Beginning in the early decades of the 19th century, women and young ladies kept memory books and friendship albums which they filled with paper and fabric cuttings of hearts and hands embellished with woven or otherwise arranged hair of friends and family. Woven hearts and hands embellished with hair were traded as 19th century tokens of love and friendship. The double lobed heart has been the symbol of love since antiquity, showing up in Cro-Magnon pictograms and early Egyptian paintings. European immigrants brought the heart as the symbol of romantic love to America where they added two other symbols, the heart and hand and the heart in hand which both symbolized the heart's guidance of the hand's actions. This beautiful and sensitive image of love shows up in highly collectible Christmas, New Years, and Valentine greetings and declarations of love.
Because hair does not disintegrate if it is properly protected, American women made it a symbol of abiding love as well as deeply felt loss. Mothers kept locks of their children's hair and unmarried women often gave locks of their hair to suitors as tokens of love. Locks of sitter's hair were often added to miniature portraits. A popular nineteenth-century women's periodical described hair ". . . at once the most delicate and last of our materials. [It] survives us like love. It is so light, so gentle, so escaping from the idea of death, that, with a lock of hair belonging to a child or friend we may almost look up to heaven and compare notes with angelic nature, may almost say, I have a piece of thee here, not unworthy of thy being now."1
This extraordinary love token was taken from a memory album (prior to my acquisition). It features the hair of two children--Martha Hill, hair taken at 18 months, and Patience Hill, hair taken at 12 years. The hair is adorned with hand-cut hearts and hands. Patience's hair is also adorned with a bit of Dresden tape. Across the bottom of the page is a very faded inscription that reads "Mrs. Preston Present from M.M.B." [I'm not entirely sure about the three initials.] The page is spectacularly adorned in a very fraktur-like fashion with a watercolor tree topped by a heart. I have framed this beautiful piece of American folk art in a walnut frame with an unusual gold leaf ripple liner carved into the walnut. The frame has a wonderful dry original surface. The love token is lightly hinged with archival tape to a bit of handmade acid-free paper that has a rough top edge that mimics the rough top edge of the love token. This is all placed atop lovely paper that is hand-marbled in the same method that has been used since the 18th century. This type of marbled paper was favored by 19th century Americans. The frame measures 14 1/2" x 12 3/4". The love token, itself, measures 7 3/8" x about 5 7/8". Don't miss this glorious bit of folk art--love tokens this good just don't come up for sale anymore! Circa second quarter of the 19th century.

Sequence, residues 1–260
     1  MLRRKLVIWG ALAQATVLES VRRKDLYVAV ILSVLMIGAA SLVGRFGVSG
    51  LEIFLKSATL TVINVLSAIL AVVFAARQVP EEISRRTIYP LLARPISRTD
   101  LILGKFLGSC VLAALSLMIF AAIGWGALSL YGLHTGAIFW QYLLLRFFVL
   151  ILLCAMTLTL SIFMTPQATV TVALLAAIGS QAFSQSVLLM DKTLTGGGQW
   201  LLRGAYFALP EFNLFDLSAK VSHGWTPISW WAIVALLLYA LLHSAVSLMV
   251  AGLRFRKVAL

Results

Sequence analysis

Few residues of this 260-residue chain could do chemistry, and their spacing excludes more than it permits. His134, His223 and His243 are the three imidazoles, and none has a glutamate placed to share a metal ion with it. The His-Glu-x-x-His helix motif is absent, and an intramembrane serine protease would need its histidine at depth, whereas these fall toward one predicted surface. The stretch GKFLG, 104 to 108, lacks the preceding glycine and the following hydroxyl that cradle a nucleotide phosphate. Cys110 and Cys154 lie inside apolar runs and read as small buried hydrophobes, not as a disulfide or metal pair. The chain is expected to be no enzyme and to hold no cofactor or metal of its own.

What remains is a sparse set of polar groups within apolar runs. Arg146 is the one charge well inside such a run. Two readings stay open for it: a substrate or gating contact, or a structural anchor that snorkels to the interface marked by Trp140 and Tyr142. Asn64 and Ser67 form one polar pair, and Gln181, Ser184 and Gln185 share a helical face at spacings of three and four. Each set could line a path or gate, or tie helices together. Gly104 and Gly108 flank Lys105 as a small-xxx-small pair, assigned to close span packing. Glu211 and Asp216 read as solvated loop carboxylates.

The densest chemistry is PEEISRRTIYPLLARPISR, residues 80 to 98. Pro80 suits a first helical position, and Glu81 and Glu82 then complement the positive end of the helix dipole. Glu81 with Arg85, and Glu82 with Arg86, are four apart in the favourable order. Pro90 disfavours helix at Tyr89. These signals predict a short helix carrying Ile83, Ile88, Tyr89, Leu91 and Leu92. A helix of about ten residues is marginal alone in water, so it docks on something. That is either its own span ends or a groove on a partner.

Eisenbarth, Erin E., "Made for Love: Selections from the Jane Katcher Collection of Americana", Spring 2007, Antiques & Fine Art. (online article at antiquesandfineart.com)
Lefko, Linda Carter, "'When this you see remember me' Tokens of Remembrance & Love", Fall 2006, The Decorator, publication of the Historical Society of Early American Decoration. (online article at lclefko.com)
Shaw, Robert. "United as this Heart You See: Memories of Friendship and Family", Expressions of Innocence and Eloquence Selections from the Jane Katcher Collection of Americana, Ed. Jane Katcher, David A. Schorsch, Ruth Wolfe. Marquand Books, 2006. 85-101.
Ockenga, Starr. On Women & Friendship A Collection of Victorian Keepsakes and Traditions. Stewart, Tabori & Chang, 1993. 107-117.
1Shaw, id. at 101 (quoting Leigh Hunt, Godey's Lady's Book (May 1855)).
Please see our Tokens of Love & Friendship page for more information.